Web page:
Geoforensics and Information Management for crime Investigation (GIMI)
Project Staff - Patricia Wiltshire
Department of Geography & Environment
University of Aberdeen
Current research activities
Patricia Wiltshire is an ecologist, botanist and palynologist. After lecturing at King's College London, she ran an M.Sc. in Forensic Archaeological Science at University College London. She has developed the discipline of Forensic Ecology and Palynology in Britain over the last 15 years and has worked on very many high profile criminal investigations. She is an experienced expert witness.
Turner B.D. & Wiltshire P.E.J. (1999). Experimental validation of forensic evidence: a study of the decomposition of buried pigs in a heavy clay soil. Forensic Science International. 101,113-122.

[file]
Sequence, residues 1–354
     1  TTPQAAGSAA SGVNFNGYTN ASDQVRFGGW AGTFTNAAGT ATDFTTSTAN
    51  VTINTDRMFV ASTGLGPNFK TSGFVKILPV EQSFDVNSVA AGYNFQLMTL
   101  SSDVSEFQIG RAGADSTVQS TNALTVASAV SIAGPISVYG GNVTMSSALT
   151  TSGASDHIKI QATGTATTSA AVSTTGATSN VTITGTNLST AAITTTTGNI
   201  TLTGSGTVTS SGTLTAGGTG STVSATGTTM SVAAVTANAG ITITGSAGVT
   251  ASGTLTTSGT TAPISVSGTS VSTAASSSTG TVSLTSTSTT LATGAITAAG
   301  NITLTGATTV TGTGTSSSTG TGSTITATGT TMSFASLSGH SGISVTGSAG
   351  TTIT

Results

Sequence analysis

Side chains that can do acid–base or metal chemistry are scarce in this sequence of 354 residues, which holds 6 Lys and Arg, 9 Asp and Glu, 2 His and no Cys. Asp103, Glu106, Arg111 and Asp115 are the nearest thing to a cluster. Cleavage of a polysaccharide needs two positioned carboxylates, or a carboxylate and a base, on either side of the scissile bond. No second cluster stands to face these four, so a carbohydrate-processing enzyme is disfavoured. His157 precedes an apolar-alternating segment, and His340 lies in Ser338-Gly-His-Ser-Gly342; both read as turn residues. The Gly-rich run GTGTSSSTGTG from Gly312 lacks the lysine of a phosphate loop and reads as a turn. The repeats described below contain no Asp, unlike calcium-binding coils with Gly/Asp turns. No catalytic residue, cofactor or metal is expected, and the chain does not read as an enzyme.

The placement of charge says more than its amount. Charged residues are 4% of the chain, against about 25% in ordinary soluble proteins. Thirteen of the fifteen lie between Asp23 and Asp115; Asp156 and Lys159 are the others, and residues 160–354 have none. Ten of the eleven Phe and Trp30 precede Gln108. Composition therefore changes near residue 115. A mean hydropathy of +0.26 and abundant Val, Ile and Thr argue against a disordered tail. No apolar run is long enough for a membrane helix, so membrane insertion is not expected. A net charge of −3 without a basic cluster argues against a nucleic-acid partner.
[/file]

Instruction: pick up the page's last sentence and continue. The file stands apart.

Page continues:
Hopkins D.W., Wiltshire P.E.J. & Turner B.D. (2000). Microbial characteristics of soils from graves: an investigation at the interface of soil microbiology and forensic science. Applied Soil Ecology 14, 283-288: Elsevier.
Hopkins D.W. & Wiltshire P.E.J. (2003). The disposal and decomposition of human and animal remains: implications for health of people past and present. In: Murphy P. & Wiltshire P.E.J. (Eds): The environmental archaeology of Industry. Symposia of the Association for Environmental Archaeology 20, Oxbow Books. 165-170.
Ruffell A. & Wiltshire P.E.J. (2004). Conjunctive use of quantitative and qualitative X-ray diffraction analysis of soils and rocks for forensic analysis. Forensic Science International 145, 13-23.
Wiltshire P.E.J. & Black S. (2006). The cribriform approach to the retrieval of palynological evidence from the turbinates of murder victims. Forensic Science International. In press.
Wiltshire P.E.J. (2006). Hair as a source of forensic evidence in murder investigations. Forensic Science International. In press.